European consumer interest in alternative protein sources is on the rise, with a growing number of shoppers mindfully working to reduce their meat consumption.
According to forecasts from research firm Allied Market Research, the global meat substitutes market is expected to grow by around 8.4% through to 2020.
Europe is the largest market for meat substitutes accounting for 39% of global sales. While demand is expected to grow at a faster pace in Asia, European consumers look set to remain at the forefront of the alternative meat revolution.
Better for you and the planet
The category sits at the lucrative intersection between health and ethical consumerism.
Changing social dynamics, such as the deep reach of social media, mean shoppers are encouraged to think about how their purchases impact the world around them. Issues around health, sustainability, traceability and animal welfare have more sway over purchasing decisions today than ever before.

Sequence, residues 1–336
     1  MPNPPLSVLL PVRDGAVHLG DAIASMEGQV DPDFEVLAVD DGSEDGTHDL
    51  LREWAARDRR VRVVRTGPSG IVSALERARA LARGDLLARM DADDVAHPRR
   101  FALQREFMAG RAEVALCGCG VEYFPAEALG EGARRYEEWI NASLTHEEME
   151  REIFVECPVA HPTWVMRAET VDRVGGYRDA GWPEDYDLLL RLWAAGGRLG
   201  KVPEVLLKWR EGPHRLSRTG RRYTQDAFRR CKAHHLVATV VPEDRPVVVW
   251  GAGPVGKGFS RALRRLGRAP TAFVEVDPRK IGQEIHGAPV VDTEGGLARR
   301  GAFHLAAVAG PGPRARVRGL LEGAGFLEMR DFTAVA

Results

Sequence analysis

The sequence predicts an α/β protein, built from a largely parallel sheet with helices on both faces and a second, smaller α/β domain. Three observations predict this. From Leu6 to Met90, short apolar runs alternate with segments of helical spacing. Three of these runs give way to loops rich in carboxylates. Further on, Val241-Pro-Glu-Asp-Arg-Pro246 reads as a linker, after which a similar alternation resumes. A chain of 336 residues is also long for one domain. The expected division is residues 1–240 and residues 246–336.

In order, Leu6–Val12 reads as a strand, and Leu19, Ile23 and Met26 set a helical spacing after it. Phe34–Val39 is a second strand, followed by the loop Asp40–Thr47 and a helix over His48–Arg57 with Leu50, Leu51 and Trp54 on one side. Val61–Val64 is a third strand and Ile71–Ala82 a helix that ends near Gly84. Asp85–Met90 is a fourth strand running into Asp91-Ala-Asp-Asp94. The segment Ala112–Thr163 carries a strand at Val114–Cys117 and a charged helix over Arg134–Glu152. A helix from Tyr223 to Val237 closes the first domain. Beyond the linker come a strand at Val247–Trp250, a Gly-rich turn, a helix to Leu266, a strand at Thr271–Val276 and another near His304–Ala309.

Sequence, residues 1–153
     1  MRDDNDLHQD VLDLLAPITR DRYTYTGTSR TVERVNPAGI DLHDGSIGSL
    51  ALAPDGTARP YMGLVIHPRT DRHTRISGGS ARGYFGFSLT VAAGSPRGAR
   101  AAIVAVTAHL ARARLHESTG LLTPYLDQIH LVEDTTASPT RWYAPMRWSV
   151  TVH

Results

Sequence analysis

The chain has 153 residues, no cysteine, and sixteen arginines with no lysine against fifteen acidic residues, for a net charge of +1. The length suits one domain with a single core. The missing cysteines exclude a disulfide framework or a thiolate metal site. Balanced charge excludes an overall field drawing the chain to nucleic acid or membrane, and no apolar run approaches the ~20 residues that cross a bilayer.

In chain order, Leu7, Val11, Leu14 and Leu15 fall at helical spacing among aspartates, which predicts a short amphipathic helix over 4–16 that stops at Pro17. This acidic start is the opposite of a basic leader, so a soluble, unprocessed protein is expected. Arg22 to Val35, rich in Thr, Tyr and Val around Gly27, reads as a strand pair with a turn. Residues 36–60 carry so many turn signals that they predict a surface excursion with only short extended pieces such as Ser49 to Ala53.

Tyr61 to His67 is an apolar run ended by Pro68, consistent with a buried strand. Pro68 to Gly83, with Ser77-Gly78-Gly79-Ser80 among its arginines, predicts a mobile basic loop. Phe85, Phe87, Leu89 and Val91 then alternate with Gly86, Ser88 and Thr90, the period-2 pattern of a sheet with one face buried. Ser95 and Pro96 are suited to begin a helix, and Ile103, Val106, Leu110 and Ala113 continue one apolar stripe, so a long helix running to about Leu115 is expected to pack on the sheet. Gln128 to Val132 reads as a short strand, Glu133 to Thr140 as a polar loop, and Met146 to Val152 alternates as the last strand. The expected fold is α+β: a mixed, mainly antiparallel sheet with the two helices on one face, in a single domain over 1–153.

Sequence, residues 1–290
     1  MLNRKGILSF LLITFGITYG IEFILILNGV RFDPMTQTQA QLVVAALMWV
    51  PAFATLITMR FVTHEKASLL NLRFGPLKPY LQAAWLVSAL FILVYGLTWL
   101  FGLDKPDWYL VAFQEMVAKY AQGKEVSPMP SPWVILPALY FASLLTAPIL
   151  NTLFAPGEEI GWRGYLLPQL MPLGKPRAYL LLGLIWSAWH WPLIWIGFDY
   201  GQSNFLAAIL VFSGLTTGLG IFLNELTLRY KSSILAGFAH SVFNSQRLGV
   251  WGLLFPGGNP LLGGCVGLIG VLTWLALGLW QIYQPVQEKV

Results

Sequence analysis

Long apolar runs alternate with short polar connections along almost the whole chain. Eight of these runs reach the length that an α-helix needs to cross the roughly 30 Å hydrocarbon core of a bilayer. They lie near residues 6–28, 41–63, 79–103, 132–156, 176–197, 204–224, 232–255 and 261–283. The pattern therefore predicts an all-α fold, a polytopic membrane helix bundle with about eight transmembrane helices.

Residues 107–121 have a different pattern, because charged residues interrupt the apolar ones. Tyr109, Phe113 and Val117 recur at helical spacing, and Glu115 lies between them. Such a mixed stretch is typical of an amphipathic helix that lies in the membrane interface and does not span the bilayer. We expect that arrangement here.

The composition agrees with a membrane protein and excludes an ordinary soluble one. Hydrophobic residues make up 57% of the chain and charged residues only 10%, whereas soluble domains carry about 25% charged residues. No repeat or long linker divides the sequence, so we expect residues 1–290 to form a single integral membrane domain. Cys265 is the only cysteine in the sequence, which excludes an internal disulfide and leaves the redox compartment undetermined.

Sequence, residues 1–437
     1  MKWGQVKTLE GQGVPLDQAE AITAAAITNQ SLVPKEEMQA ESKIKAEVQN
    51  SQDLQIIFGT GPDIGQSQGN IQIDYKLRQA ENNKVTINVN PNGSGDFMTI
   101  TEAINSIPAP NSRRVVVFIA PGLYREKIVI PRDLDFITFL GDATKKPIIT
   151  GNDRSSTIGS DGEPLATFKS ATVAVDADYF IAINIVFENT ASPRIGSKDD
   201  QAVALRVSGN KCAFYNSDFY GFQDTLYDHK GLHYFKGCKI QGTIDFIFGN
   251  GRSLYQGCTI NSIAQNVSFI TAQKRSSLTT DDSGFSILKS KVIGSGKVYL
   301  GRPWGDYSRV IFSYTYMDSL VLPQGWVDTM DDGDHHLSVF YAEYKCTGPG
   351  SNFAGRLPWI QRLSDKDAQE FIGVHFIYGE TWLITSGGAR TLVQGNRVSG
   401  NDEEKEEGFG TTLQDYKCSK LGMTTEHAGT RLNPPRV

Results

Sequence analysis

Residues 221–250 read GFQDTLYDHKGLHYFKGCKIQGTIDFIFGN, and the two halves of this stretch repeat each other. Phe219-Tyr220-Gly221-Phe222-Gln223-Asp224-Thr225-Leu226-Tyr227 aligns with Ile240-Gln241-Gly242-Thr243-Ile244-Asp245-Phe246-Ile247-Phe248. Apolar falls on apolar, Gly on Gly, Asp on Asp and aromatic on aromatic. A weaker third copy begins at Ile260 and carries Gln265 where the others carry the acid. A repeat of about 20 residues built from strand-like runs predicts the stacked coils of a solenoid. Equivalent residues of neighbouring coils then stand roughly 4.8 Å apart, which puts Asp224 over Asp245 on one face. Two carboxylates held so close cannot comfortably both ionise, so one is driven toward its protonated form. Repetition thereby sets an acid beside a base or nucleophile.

As a result, meat-free protein products are no longer exclusively the preserve of the relatively narrow consumer group that identifies as vegetarian or vegan. A so-called ‘flexitarian’ approach to diet is gaining in popularity and the appeal of plant-based foods is broadening to include people who also incorporate meat and dairy in their diets.
This is largely being driven growing awareness of a causal link between high meat consumption and non-communicable diseases. Consumers are increasingly accepting that they need to reduce their meat intake to improve their health and combat the obesity epidemic as well as rises in other NCDs.
This understanding is supported by a mounting body of evidence, prompting health campaigners, professionals and regulators to deliver a consistent message around the benefits of eating less meat.
In a study published in the British Medical Journal researchers at the US National Cancer Institute linked high red meat consumption to a 26% spike in the chances of contracting nine NCDs, including cancer, type 2 diabetes, strokes and even Alzheimer's.